Austin Chamber of Commerce
122 Main St
Po Box 212
Austin, NV 89310
Contact via Email
Visit our Website
- 3 Resturaunts
- 2 Gas Station
- 3 Motels, and 2 Bed & Breakfast
- 3 Turquoise Shops
- Lumber Store
- Gift Shop
Hours of OperationMonday-Thursday 9-12 Mornings Pacific time
Austin Nevada is a historic town located on Highway 50, close to the geographical center of the state. We are long on space and blue skies, and short on population. Austin has 12 Historic sites and buildings listed on the National Registry. They are easily accessable and easy to find.
We have AWESOME Mountain Bike trails, ATV runs, and plenty of area for the 4WD enthusiasts. The camping, hunting, and fishing is great, with an abundance of scenery to go with it!!
The town of Austin is built along the steep walls of Pony Canyon, and Highway 50 climbs over the Austin summit at an elevation of more than 7,500 feet above sea level. Nearby mountains soar to heights of as much as 11,941 feet.
This is a high mountain desert region. It offers a moderate range of weather conditions with specific seasonal variations. The air is generally dry and clear. The climate is warm and sunny during the summer, with the average daytime temperature ranging between 60º – 90º. Temperatures can drop by 15º or more when the sun goes down. The occasional rain or thunderstorm is usually sudden and short-lived. Winter temperatures are commonly between 20º – 60º degrees during the day, and nighttime temperatures can drop to below zero. Snow is usually 14 to 24 inches per year with substantially more in the higher mountain areas.
Plants & Wildlife
The diverse ecosystems support a variety of plants and wildlife -- the only thing you won't see a lot of is people! The lower elevations are home to traditional desert life while the higher mountain regions have a decidedly alpine habitat.
Sage and rabbitbrush are predominate with a mixture of other plants, cactus, and grasses covering the hillsides. Wildflowers bloom in abundance in the spring and summer, with more flowers and wider varieties appearing in the upper elevations. They are spectacular after a particularly wet season, blooming in a profusion of color, shapes, and sizes. There are lush green meadows and cold sparkling streams. Look for lots of different trees in the canyons and along the high mountain creeks; aspens, willows, birch, pine, juniper and mahogany, to name a few.
This traditional high desert landscape is populated with rabbits, coyotes, foxes, lizards, and snakes, but you will also find herds of antelope or deer as well as mountain lion, elk, bighorn sheep, beaver, and others. Birds include eagles, hawks, falcons, grouse, partridge, and chukar as well as a variety of smaller birds.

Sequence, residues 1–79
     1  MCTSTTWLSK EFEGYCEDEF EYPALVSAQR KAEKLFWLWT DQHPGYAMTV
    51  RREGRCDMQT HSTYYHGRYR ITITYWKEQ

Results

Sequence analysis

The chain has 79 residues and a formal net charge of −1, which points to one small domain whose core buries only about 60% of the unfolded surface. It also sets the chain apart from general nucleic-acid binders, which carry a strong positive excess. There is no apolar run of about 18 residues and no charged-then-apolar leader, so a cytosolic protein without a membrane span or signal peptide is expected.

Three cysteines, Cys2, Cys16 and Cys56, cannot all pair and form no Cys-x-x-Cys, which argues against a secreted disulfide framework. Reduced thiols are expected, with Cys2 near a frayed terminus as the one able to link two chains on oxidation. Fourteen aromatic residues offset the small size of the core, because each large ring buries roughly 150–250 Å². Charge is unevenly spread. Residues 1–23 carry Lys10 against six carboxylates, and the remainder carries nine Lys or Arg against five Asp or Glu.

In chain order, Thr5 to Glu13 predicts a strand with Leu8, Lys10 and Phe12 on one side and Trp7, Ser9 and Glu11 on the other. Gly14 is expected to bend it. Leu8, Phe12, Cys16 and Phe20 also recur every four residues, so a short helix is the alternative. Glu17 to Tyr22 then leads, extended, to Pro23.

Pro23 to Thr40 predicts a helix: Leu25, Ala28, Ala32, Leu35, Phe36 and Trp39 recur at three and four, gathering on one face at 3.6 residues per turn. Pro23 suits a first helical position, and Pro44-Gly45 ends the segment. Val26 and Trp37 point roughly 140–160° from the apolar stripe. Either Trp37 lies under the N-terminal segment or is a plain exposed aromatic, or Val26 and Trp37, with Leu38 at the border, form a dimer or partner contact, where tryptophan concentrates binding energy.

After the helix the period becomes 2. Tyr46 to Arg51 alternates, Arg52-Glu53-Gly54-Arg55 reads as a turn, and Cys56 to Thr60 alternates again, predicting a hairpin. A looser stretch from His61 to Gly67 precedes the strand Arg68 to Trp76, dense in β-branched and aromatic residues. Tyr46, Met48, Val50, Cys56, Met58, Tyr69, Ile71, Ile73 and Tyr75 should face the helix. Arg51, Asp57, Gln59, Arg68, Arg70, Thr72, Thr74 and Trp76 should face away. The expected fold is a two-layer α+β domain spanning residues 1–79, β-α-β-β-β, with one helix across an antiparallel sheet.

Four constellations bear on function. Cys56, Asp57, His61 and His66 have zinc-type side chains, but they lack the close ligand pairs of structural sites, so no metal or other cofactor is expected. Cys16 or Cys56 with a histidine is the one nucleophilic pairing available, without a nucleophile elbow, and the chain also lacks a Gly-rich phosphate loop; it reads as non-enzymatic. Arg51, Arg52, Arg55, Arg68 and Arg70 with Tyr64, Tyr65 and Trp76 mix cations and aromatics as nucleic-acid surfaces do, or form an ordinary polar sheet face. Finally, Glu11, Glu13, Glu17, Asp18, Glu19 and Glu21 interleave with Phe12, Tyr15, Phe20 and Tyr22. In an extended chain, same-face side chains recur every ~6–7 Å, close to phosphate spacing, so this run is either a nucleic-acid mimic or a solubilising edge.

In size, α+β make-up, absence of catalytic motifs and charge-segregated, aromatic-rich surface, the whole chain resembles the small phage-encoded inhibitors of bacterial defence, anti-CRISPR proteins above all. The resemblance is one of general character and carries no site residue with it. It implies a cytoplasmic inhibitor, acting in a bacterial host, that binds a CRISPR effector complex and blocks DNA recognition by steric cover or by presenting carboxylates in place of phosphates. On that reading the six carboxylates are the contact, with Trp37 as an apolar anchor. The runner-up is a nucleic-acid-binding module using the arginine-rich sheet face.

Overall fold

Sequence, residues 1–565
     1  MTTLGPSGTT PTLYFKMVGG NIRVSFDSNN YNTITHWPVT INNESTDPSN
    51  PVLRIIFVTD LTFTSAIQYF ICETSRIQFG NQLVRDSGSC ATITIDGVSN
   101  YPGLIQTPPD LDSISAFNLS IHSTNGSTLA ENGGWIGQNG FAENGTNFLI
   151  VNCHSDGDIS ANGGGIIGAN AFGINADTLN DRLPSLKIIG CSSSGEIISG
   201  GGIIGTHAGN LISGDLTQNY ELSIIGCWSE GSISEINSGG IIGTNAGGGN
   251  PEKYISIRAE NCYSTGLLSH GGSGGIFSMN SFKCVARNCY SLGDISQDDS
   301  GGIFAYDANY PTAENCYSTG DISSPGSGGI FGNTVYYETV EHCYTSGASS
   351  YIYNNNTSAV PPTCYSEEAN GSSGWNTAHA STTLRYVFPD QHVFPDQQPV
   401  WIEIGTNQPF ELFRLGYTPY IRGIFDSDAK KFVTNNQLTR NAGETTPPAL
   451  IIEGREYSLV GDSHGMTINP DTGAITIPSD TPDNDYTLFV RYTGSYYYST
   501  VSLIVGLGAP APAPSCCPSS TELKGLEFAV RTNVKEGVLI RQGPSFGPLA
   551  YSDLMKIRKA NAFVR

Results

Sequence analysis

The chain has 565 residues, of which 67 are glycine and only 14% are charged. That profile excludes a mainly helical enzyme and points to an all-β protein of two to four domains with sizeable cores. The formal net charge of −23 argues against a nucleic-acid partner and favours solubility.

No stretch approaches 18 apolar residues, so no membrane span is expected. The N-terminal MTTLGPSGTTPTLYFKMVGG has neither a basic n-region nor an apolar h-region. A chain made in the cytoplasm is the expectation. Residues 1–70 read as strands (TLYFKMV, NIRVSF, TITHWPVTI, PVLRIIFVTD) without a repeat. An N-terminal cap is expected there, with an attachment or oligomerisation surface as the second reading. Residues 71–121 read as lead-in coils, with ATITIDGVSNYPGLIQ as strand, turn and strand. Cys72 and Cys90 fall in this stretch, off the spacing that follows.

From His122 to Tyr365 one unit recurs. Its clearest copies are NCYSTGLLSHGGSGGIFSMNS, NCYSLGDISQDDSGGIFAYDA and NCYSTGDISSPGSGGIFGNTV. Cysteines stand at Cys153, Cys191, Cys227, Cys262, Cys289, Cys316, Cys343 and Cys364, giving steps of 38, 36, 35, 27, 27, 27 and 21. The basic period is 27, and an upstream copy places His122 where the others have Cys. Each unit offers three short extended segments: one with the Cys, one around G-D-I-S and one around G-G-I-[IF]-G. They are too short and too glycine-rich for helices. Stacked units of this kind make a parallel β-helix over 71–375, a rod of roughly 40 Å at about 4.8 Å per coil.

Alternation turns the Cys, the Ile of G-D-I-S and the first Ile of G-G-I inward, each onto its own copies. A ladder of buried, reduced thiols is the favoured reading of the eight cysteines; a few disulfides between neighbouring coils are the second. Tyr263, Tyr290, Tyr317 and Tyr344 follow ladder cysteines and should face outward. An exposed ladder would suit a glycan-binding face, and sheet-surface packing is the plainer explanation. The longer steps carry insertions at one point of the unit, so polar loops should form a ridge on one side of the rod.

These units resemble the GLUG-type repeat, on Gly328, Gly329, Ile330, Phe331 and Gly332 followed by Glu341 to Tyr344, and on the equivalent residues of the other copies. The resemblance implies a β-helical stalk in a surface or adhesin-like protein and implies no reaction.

Many of the larger creeks and pools in the canyons have good fishing. Groves Lake and Kingston Creek are both good fishing spots for rainbow, brown, and brook trout.
Days are clear, with little precipitation, but high winds are common. Watch for sudden thunderstorms, especially during the spring and early summer. Be aware of your surroundings and stay clear of flash flood zones.
Desert foliage offers little protection from the sun and elements. The thin air means UV protection is a must, so don’t forget your sunscreen, hat and shades.
This is the desert, the temperature drops dramatically at night due to the high altitude. Be sure to bring some warm clothing, especially if you are going to be outdoors at night.
Fire can be devastating to these remote canyons, so please be extra careful about campfires and smoking.
If you are out biking or exploring on your own, stay away from abandoned mine dumps and caves. Hantavirus is transmitted from the droppings of deer mice, so don’t breathe in the dust from abandoned buildings or crawl around under low hanging trees or other places that mice may nest. Watch for snakes and spiders and use common sense. They want to stay away from you just as much as you want to stay away from them, so just be observant and watch where you put your feet and hands. Insect repellant is a useful deterrent to gnats, and mosquitoes around creeks and marshes.
If you are planning a trip off the main road, be sure to bring along the standard emergency items – first aid kit, water, blanket, matches, etc. Most cell phones will not work in the high mountain canyons, so be sure you have told someone where you are going and when you should be back. Allow extra time for all the great things you are going to want to stop and look at, so you don’t get caught short at dusk. A jacket and a bottle of water are good things to take even on a short walk in the mountains.
For emergencies, the closest hospital is Banner Churchill in Fallon , located on Highway 50 in Fallon. Austin has a clinic, open 3 days a week with telemedincine on Tuesday and Thursday and a Doctor on Wednesdays. The Smoky Valley Outpatient Clinic in Round Mountain has a full time physician. Drugs and medication are available in Battle Mountain or Fallon. Austin, Kingston, Round Mountain and Big Smoky Valley all have active volunteers for fire and ambulance service. These dedicated and well-trained emergency service responders have received international recognition for their work and professionalism. As always, dial 911 for life-threatening emergencies.
Austin Clinic 775-964-2222
Ambulance — Volunteer 775-964-2870
Sheriff/Ambulance 775-964-2661 or 911 EMERGENCY